Friday, July 6, 2012

Right On!


In a recent roundtable of leaders, someone posed the rhetorical question of why people just can’t admit when they are wrong; why don’t they just say I’m sorry; you are right and I am wrong? The usual banter of agreement went back and forth among those present until I suggested we investigate this question.  Why do we have such a hard time with the fundamental desire or need to be right?  

WE LOVE and LIVE to be right.  We go to great lengths to prove just how right we are; sometimes at the risk of alienating ourselves entirely. The list of positions we take is endless. Take any subject from choosing toothpaste to navigating the road; our views can be awfully strong.  Whether it’s a matter of fashion or finance, we certainly know what to spend, how much we should be saving, and what it takes to look good. Right?

The workplace is yet another environment to exercise righteous judgment as we find ourselves quietly assessing the number of bullet points on the power point presentation.  If there are too many or if not in accordance with our standards, surely cause for dismay. Especially when coupled with the discovery of the month long tuna casserole experiment growing in the refrigerator that someone has refused to clean out.  We all know someone who, no matter what, is not willing to be anything other than right.

Funny thing is…ever notice when you are in an argument and the moment you say, “Ok, I see your point, you are right” the argument ceases and the artillery disappears instantaneously? Yet, we insist.

Hence the diagram:  How does it feel when you are right?  And what’s your perceived experience when wrong?  

                                                         Being Right vs. Being Wrong



When you begin to map it out we can clearly see the benefits of being right. This phenomenon shelters us from being vulnerable, scared, and embarrassed. You certainly don’t have to take any risk when you are IN CONTROL. Who doesn’t want to be on safe, familiar, and comfortable ground? But does being right afford you any spiritual or leadership growth?   How does it feel for the other person when you are always right?  And, if you are always right what must the other person be (answer: title of the other column)?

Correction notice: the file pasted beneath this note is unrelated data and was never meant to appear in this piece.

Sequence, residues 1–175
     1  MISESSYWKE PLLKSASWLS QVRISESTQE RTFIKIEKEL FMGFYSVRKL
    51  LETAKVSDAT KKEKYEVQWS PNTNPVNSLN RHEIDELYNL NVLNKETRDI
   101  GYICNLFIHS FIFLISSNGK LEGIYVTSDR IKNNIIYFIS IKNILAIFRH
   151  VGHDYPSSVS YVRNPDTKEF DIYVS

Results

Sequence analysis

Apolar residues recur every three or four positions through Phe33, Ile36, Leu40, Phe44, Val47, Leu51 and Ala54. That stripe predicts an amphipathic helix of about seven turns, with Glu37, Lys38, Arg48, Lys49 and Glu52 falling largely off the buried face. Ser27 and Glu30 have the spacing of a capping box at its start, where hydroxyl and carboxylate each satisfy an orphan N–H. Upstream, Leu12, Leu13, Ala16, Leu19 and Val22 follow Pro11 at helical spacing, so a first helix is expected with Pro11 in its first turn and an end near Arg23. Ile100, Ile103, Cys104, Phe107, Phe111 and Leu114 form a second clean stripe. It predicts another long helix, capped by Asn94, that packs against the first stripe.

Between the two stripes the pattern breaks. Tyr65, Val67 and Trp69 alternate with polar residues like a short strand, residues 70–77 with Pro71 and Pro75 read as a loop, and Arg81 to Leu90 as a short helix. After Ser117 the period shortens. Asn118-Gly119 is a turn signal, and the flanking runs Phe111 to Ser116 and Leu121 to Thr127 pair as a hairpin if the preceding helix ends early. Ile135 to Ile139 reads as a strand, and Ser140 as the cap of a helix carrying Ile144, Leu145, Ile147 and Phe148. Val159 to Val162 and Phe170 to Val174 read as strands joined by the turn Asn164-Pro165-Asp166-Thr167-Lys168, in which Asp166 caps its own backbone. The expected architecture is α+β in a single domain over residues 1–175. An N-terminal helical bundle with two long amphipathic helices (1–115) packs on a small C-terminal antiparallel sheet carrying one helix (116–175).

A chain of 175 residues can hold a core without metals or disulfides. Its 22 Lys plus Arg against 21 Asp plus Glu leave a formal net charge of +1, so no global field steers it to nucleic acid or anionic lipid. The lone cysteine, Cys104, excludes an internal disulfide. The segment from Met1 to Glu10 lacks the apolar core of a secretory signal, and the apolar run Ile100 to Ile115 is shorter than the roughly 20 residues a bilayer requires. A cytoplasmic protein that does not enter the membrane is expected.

Does it take any conscious effort to be right?  Do you have to be the least bit aware?  Does empathy enter the equation when we are right? How about compassion?

A leader has the onus to empathize and do “what’s right”.  Instead, some of us pay a mighty price for the sake of being right.  The ego is a powerful entity left unexamined.  What’s being right costing you?

I sign off with a quote…

“Choose being kind over being right, and you'll be right every time.” Richard Carlson



Posted by: Eunice Carpitella, Lead Your Way Solutions, Consultant
As a consultant for Lead Your Way Solutions, Eunice develops and delivers programs for professionals committed to transformation and success. Eunice brings a strategic and operational prowess that guides positive change, develops leaders, and influences decision making at every level.   She holds an M.S. in Organizational Dynamics from The University of Pennsylvania and a B.A. from Arcadia University.  She lives in Sussex County, Delaware and enjoys world travel, photography, hiking, yoga and beaching it.


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